- High memory utilization for fast data accesses versus low memory utilization with slow data access
- High write amplification for efficient space management versus low write amplification while wasting space
- Large data containers that lower memory utilization but cause high read amplification and waste of flash space versus fine-grained object mapping, which is difficult to maintain
The above was easier when handling hard drives with about 100 IOPS. However, SSDs with 500K IOPS each are a huge challenge to manage effectively.
Existing software solutions cannot keep up. The fast growth of networking bandwidth, with 100Gbps mainstream, enables hungry applications to consume vast amounts of data, thus contributing to this problem.
On the other hand, CPU performance is stagnating, and memory costs are still very high.
The Storage Solution for SSDs: Hardware to the Rescue
Dedicated hardware engines running data-intensive workloads are the best long-term solution to the problems caused by skyrocketing I/O requirements, data size, and slowing compute performance growth.
By offloading key-value storage and its associated inefficiencies to an optimal architecture on a dedicated hardware device, the Pliops Extreme Data Processor (XDP) reduces data management to near-optimal levels and improves performance many times over.
XDP also minimizes CPU utilization to a small percentage of what typical software solutions demand.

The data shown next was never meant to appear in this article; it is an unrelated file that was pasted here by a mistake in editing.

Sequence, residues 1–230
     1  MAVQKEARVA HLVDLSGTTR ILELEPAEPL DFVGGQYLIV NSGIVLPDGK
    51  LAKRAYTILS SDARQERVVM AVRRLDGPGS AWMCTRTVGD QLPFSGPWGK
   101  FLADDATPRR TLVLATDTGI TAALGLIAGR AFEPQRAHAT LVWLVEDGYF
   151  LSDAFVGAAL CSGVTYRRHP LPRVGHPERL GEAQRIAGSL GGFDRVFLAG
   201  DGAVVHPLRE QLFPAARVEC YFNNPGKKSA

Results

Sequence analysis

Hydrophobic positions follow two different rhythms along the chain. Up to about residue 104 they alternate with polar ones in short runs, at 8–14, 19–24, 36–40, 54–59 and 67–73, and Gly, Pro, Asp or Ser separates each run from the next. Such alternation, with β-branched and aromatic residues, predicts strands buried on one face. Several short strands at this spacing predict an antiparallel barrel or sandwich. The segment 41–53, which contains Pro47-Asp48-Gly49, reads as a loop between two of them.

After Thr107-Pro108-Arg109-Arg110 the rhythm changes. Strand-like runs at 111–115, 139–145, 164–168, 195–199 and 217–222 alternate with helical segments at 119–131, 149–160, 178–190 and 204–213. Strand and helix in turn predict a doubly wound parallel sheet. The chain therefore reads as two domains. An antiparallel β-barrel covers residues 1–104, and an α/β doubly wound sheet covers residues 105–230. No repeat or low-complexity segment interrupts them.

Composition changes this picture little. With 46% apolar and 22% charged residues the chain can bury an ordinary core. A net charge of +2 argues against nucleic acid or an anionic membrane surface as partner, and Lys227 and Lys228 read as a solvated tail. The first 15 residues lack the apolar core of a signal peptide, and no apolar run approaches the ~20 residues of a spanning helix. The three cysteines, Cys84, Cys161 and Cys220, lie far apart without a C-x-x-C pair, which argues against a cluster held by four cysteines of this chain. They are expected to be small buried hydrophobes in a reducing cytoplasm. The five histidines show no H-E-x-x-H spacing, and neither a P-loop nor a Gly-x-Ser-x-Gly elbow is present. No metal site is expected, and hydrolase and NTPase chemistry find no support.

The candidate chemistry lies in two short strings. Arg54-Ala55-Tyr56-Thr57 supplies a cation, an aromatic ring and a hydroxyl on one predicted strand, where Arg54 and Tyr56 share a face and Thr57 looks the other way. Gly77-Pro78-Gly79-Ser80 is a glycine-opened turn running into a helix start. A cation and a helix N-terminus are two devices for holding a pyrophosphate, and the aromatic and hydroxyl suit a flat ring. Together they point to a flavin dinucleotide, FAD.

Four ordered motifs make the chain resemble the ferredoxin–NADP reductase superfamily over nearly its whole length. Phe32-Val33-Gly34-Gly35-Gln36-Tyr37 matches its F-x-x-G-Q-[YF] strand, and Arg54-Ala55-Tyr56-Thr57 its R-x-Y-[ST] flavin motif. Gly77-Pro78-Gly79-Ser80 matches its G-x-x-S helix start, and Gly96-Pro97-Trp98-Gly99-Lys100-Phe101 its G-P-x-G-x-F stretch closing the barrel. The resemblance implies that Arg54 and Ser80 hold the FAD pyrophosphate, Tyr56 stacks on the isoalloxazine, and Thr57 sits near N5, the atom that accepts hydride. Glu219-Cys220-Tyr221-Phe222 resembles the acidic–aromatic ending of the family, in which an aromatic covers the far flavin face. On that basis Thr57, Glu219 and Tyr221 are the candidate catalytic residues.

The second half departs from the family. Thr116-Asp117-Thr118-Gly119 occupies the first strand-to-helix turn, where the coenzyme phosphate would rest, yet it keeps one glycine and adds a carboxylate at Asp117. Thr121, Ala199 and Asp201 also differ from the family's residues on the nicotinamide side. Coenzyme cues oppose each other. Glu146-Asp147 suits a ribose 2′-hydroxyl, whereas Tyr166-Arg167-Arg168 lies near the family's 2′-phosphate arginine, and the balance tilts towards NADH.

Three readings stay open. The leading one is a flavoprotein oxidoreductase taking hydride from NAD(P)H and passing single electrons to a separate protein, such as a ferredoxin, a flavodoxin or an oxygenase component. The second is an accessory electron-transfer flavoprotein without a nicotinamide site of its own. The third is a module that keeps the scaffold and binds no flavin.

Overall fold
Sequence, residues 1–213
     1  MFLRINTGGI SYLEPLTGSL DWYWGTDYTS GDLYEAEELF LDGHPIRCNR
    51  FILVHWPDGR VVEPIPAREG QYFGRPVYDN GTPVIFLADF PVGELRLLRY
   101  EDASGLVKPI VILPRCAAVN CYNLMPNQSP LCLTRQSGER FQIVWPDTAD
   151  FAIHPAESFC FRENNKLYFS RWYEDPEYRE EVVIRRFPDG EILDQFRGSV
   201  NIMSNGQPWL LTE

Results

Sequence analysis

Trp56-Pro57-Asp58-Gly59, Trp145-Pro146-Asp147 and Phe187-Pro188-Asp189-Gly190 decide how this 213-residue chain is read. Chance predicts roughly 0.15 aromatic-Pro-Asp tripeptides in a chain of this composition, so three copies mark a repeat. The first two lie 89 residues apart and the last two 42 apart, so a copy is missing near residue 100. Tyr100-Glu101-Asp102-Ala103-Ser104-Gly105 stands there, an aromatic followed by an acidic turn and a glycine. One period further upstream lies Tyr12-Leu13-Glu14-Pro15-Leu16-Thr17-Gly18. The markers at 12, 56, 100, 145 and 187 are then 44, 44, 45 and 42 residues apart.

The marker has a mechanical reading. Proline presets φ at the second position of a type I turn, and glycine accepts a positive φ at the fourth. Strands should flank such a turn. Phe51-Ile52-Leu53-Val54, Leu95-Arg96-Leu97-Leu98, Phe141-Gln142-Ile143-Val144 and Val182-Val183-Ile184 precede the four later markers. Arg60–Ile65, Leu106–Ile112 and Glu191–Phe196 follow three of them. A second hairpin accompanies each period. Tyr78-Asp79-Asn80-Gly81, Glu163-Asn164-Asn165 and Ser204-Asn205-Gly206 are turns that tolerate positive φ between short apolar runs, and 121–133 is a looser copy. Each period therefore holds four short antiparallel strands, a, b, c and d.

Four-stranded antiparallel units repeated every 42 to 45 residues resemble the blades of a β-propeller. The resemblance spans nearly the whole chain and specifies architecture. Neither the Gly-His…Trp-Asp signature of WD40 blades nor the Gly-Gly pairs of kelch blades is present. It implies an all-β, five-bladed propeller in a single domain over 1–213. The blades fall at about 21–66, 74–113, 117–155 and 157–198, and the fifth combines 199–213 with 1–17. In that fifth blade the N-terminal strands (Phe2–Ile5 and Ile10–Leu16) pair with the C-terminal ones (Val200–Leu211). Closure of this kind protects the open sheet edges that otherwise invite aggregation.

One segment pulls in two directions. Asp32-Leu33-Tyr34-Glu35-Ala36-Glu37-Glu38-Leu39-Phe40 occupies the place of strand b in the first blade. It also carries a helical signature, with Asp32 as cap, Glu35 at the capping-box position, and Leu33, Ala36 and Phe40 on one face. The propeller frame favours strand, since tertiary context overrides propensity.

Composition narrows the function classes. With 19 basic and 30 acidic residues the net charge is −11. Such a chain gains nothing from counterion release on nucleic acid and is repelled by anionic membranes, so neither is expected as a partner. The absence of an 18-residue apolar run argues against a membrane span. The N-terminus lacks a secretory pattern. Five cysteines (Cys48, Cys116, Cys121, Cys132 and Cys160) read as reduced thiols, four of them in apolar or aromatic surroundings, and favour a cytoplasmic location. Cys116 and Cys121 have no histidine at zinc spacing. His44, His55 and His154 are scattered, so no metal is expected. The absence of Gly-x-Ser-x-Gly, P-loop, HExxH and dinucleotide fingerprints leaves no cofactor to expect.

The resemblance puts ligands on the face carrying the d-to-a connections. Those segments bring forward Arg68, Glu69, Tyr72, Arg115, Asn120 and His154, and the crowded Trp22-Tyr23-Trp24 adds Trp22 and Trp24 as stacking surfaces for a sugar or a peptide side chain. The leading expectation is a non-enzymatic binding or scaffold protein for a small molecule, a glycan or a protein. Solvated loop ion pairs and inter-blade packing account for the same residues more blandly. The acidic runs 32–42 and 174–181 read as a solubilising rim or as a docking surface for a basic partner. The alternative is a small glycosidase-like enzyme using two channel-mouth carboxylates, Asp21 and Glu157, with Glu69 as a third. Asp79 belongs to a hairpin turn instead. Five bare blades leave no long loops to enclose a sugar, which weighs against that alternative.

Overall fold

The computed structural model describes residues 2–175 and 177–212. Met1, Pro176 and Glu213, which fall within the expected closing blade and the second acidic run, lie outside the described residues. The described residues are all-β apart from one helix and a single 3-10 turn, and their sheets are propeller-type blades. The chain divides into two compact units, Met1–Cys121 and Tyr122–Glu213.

What About Computational Storage?
Most computational storage companies today focus on providing computing power to storage. This approach often puts CPU cores or FPGAs close to the storage.
Essentially, these are mostly platform plays. They enable end customers such as top cloud providers to develop their technology to handle their storage needs. However, Pliops’ XDP provides an end-to-end computational storage solution.
For example, our first offering is for block storage. It appears as a standard block device such as an SSD from a software perspective. But, the underlying technology is our KV processor.
Because we focus on providing solutions and not requiring the customer to develop anything custom, XDP can benefit nearly any application that stores data on SSDs.
Companies of any size can take advantage of Pliops technology with no changes required to their existing applications or system architecture. And because Pliops works with any SSD, you can continue to buy SSDs from the vendors you use today.
The Pliops Extreme Data Processor (XDP) – The Technology Behind the Solution
The Pliops XDP is a hardware-enabled key-value engine in a PCIe add-in card. It optimizes a broad range of workloads. XDP also delivers a highly optimized, reliable, scalable storage system that can provide 10X faster performance and 100x improved response time with less than half the storage.
By accelerating compute-intensive functions and eliminating bottlenecks, XDP is key to unlocking the value of increasingly denser, faster SSDs.
Also, enabling more efficient processing puts an end to wasted storage. It also allows you to take full advantage of your flash storage investments.